Overnight bag for pjs and next day’s clothes
      Laundry bag,
      A bag of clean clothes for each person we keep in the car
      Toiletries and medicine bag
      Electronics bag
      Games bag
      Snack bag
      Cooler
  • This packing list has worked pretty well. One thing we’ll ADD next trip is having a wet bag for wet clothes and a stink bag for really dirty laundry we don’t want to mix with other laundry.
  • 9. Airbnb It
  • When we can, stay at Airbnbs. Staying at a home gives us a different perspective of a place a hotel doesn’t. We get to be in neighborhoods hotels usually aren’t located in, and meet locals who love their homes and communities and know hospitality.
  • On this most recent trip, we stayed with Chintia in Montgomery, AL. She’s an international artist who has an art house to host international artists. The day we arrived, she was opening the second Expose Art House, a place to showcase and host regional artists. We got to experience the avent garde art scene and meet some amazing people. It is experiences like these that makes our trips memorable.
  • 10. Do History
  • While in Montgomery, AL, Matt and I really wanted to visit the National Memorial for Peace and Justice. The memorial documents the history of lynching in our country. I was hesitant to take our kids to it because I was worried the experience would traumatize rather than educate my young children.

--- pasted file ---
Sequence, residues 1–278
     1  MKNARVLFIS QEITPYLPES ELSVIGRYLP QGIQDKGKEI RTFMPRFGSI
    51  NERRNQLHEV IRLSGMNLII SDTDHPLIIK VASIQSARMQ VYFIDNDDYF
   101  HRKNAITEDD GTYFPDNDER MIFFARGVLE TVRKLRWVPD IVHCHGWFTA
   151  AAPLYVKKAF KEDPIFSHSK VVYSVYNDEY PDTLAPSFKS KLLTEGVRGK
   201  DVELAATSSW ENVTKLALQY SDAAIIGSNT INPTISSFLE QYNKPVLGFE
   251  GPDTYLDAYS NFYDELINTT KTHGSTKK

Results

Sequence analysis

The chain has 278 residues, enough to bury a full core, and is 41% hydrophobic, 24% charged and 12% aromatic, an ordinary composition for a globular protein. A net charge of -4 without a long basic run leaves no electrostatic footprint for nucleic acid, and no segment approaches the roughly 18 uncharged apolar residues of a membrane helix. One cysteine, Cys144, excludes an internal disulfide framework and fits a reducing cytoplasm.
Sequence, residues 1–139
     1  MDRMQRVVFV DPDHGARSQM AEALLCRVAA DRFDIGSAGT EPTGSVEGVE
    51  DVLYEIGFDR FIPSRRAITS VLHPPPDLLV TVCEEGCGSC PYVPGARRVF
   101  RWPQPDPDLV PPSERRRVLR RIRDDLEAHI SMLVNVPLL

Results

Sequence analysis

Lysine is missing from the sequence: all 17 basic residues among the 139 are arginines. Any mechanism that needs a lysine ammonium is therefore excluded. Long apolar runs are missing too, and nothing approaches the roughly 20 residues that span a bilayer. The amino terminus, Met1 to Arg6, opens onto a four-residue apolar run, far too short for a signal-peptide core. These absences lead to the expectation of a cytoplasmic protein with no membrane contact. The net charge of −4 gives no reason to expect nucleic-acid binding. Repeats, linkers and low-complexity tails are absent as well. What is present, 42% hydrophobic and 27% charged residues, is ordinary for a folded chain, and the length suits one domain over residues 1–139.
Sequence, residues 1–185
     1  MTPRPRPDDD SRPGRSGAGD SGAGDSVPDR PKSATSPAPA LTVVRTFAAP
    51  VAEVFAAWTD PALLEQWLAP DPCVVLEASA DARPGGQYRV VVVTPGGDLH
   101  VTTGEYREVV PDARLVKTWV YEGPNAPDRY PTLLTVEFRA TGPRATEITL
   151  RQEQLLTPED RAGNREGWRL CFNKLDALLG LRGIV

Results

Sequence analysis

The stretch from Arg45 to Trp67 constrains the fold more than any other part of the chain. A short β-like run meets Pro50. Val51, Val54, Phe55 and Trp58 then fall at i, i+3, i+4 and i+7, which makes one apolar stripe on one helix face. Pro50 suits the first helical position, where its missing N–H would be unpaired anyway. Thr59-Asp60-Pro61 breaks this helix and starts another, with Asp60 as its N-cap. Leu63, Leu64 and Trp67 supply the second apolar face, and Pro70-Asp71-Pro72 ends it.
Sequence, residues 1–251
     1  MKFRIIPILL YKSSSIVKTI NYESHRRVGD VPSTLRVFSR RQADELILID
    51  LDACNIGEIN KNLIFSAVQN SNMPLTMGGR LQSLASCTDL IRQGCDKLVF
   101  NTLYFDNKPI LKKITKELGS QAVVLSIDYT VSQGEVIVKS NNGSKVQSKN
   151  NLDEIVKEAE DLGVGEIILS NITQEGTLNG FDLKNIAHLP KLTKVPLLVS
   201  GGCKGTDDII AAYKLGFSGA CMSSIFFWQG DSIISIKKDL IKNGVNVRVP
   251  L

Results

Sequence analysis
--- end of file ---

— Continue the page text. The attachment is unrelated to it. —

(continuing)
• I am so glad we took them because it forced me to see history and violence through their eyes. When we approached the wall fountain toward the end of the memorial, Robbie asked to touch the water. On the fly, I told him that if he touched the water, he had to promise to be just. He nodded his head, touched the water, and then asked, “What does just mean?” “It means to treat people fairly, to love others.” I answer. Robbie nodded his head. Days later, out of no where, he says, “Mommy, remember when we promised to be just?” #parentingwin
  • Kids surprise us with their ability to see and understand the world. Our job as parents is not to keep them from the world, but to guide and equip them with the tools to process and engage with it.
  • There are lots of other great traveling with kids out there. But the greatest one is: GO! I hope you will also carve out time to travel, meet new people, and make memories with your kids!